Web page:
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Review: Zella Day's 7"

Zella Day's 7"


As dance and electronica dominates the airwaves there are few artists proving to be promising forerunners of pop, but Arizona native Zella Day’s recent 7” release delivers a refreshing dose of catchy lyricism and charming nuances. Making her way onto the music scene in 2012 with a folky cover of The White Stripe’s “Seven Nation Army,” Zella’s breathy innocence transforms the track from gritty rock to a soft, but powerful lullaby which garnered her attention and critical acclaim by Hype Machine and started, what continues to be, a loyal and continually growing fan base.

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Zella Day Q&A/Review of 7"

Her followup single “No Sleep to Dream” embraces the same alluring acoustics delivered in her “Seven Nation Army” cover, but exposes us to Zella’s lyrical prowess that’s akin to that of predecessors like sister duo The Pierces or Canada’s Imaginary Cities. The feel-good-factor of “No Sleep to Dream” is what sets the stage for Zella’s first album which contains two tracks: “Sweet Ophelia” and a B-side “1965.” The masterfully executed “Sweet Ophelia” doesn’t disappoint as Zella’s ethereal voice serves as the perfect backdrop to the punchy, indie-pop beat and delightful libretto. Raised in Pinetop, Arizona, a small town with a population of less than 5,000, Zella’s “Sweet Ophelia” has a uniquely scenic quality that’s a road trip through a world that mirrors her hometown’s rustic, mountainous beauty.

The 7” B-side, “1965,” swaps “Sweet Ophelia’s” bewitching reverie for something more earnest and wistful as Zella recounts a haunting tale of lost love (“Can we go back to the world we had? With a love so sweet it makes me sad?”). Channeling a bit of Lana Del Rey in its lyrical execution, Zella delivers a ballad that’s ripe with golden vocals and an impressive ability to create an ache deep for something we didn’t even know we’d miss until we lost it. All in all, 7” is a melodic sanctuary that induces the strange-familiar of deja vu, like that of the discovery of a much loved old record, and juxtaposes it with a captivating boldness that’s absolute indie-pop perfection.

Get to know Zella Day in the exclusive Q & A below:

I’m 19.

I'm from small town Arizona, a pretty place called Pinetop.

Tell me a little bit about the inspiration and thought process behind 7.”
I wanted people to be able to "hold" my music in their hands. I could've done hard copies but there is something beautiful and timeless about vinyl. A 7" felt like a good place to start because it's smaller, I'm waiting to put my full length on a 12". I'm in love with the artwork as well and I like the thought of it being a part of peoples' lives/homes.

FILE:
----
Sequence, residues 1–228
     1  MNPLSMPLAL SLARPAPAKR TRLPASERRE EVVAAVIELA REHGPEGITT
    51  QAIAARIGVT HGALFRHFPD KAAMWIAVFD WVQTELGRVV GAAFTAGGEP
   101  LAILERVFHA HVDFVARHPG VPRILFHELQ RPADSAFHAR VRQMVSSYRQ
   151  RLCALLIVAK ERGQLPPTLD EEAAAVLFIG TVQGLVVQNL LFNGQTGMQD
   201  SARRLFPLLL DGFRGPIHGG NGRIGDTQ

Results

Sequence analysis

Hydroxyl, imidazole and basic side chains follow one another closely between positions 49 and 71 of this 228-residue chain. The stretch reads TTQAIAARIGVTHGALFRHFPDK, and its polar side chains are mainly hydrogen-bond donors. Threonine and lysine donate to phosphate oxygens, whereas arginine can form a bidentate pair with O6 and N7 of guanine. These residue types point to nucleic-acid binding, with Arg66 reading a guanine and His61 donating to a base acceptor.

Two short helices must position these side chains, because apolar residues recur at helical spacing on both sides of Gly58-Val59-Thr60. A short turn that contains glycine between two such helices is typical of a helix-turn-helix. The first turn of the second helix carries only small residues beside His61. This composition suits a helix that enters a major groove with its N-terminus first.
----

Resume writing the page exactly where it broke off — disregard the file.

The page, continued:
What/Who are some of your musical influences? Specific artists? Particular Albums? Genres?
Some of the albums I listened a lot growing up were "The Miseducation of Lauryn Hill", "Honey I'm Homely" by the Dance Hall Crashers, and "Rubber Soul" by the Beatles. I've always had an eclectic taste in music that's inspired me to play. I can get into Ska or Bluegrass just depending on my mood; I've got a love for it all.

What was it like to perform at SXSW 2014?
SXSW is one hell of an experience. I like that it's constructive for every one who plays there, doesn't matter who you are. I felt really proud playing there and being a part of such a beautiful artistic community.

Did you expect your 2012 cover of 'Seven Nation Army' to garner such rave reviews or attention?
I had no idea Seven Nation Army was going to receive the attention that it did. The version that you hear is the second take. It was one of those moments in the studio my producer was like "ummm go record that right now" which rarely happens. I've always loved that song and loved that band, it's cool to be a part of that song in some way shape or form.

What music/songs are you currently obsessed with?
Right now I have D'yer Mak'er by Led Zeppelin, and Look At Where We Are by Hot Chip on replay.

What can we expect from you in the near future?
You can expect a visit to the UK in June, another music video, and a possible fall tour. You can also expect greatness because that helps.

What artists would you like to work with in the future?
Someday I want to sit at a piano with Norah Jones and write a song about coffee (I feel like she might be the only person that could pull that off).

What are some words that you live by? Favorite quotes?
As funny as this sounds, lately my mantra has been from a song by The National. "I am good and I am grounded". Life gets a little crazier bit by bit and I like to remind myself that no matter what, at the end of the day, I'm a good person and I should approach every situation with good intention. Being grounded is a big one too, a strong future calls for a strong foundation.

Want more Zella Day? Visit her website here.
Listen to “Sweet Ophelia” here.
Watch "Sweet Ophelia" here.

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